By Andrea Park CBS News November 28, 2018, 11:22 AM Margaret Atwood announces sequel to "The Handmaid's Tale"

Elisabeth Moss stars as Offred in "The Handmaid's Tale" on Hulu.

Hulu

Dystopian classic "The Handmaid's Tale" is getting a sequel, author Margaret Atwood announced Wednesday morning. The original novel, published in 1985, became the subject of renewed attention after President Donald Trump was elected in 2016 and a hit series based on the book debuted on Hulu in 2017.

The sequel to the book will be called "The Testaments." Atwood revealed on Twitter that fans' questions spurred her to write the follow-up to her iconic novel. "The Handmaid's Tale" takes place in a military dictatorship called Gilead where some women are forced to live as "handmaids" who must bear children for elite men who are married to barren women. The men are abusive, as are their wives. "The Handmaid's Tale" focuses on the story of Offred, a handmaid.

Atwood said, "Everything you've asked me about Gilead and its inner workings is the inspiration for this book. Well, almost everything!"

She continued, "The other inspiration is the world we've been living in." The book will be published next September.

Yes indeed to those who asked: I’m writing a sequel to The #HandmaidsTale. #TheTestaments is set 15 years after Offred’s final scene and is narrated by three female characters. It will be published in Sept 2019. More details: https://t.co/e1umh5FwpX pic.twitter.com/pePp0zpuif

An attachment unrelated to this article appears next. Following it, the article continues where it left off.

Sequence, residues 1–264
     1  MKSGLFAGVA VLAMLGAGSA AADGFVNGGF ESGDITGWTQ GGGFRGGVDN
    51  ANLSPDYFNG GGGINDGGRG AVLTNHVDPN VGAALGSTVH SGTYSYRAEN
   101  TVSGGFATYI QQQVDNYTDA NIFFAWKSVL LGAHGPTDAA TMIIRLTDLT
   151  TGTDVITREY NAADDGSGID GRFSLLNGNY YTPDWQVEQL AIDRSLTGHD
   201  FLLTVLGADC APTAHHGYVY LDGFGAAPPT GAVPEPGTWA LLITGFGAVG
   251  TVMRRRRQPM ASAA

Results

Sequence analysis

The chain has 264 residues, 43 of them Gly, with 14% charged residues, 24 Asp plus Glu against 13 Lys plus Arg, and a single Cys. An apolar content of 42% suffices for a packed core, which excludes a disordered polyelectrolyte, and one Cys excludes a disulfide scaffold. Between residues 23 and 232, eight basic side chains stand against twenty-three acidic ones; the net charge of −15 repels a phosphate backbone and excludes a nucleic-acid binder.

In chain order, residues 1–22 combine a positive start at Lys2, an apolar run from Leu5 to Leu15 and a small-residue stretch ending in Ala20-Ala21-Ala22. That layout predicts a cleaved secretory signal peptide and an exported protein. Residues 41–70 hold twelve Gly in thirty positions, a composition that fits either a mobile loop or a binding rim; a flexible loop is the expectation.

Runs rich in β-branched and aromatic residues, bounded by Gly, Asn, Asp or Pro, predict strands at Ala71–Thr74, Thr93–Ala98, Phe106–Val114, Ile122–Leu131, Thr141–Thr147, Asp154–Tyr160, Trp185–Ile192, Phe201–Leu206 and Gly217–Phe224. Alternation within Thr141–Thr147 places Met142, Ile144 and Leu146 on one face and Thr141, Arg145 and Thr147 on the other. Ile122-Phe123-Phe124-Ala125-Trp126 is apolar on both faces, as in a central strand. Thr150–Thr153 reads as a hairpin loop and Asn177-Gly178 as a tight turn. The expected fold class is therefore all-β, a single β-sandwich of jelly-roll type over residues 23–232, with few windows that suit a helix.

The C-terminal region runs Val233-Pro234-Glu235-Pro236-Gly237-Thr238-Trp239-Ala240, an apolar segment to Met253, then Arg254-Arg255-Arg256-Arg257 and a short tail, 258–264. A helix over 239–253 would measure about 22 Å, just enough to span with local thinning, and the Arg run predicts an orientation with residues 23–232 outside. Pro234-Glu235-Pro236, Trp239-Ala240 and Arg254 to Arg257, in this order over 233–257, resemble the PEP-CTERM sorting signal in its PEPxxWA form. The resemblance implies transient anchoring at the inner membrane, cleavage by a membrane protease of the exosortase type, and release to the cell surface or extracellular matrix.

— Margaret E. Atwood (@MargaretAtwood) November 28, 2018

In 2017, Elisabeth Moss, who plays Offred in the Hulu series, told "CBS This Morning," "It's an amazing thing that Margaret [Atwood] explored, how women can treat other women. When you alienate them and you … pit them against each other, how that can go so terribly wrong as opposed to uniting."

In July, co-star Joseph Fiennes told CBS News that he saw many parallels between "The Handmaid's Tale" and today's world.

"Our writers are clairvoyant," Fiennes said. "I think our writers, like Margaret Atwood and Bruce Miller, our showrunner, have really tapped into something extraordinary, creatively, and tapping into the energy and psyche of society the way they do has sort of brought about a parallel between our show and what's happening."

He continued, "But I think it's people who are cognizant about what's going on in society, the movement of that. We've certainly got lucky with certain political movements and the zeitgeist right now, without doubt but I think it's a testament to the show and what Atwood and the writers of the show are tapping into."

Fiennes talked about the women who dress as handmaids at political protests.

"It's vital," he said. "To have our show and that iconic look of the handmaids become a way of demonstration is kind of heartening for us. And I think on our show, it means we have a great responsibility to that movement and to those voices."

He also said that he hopes the show galvanizes men into action.

"I hope it's touched a nerve also with men. It really depicts what's going on, what has gone on … It's alerted me and sharpened my outlook and antennas to what's going on."

He added, "Don't go to sleep, because this might come back — the fundamentalism comes back in waves."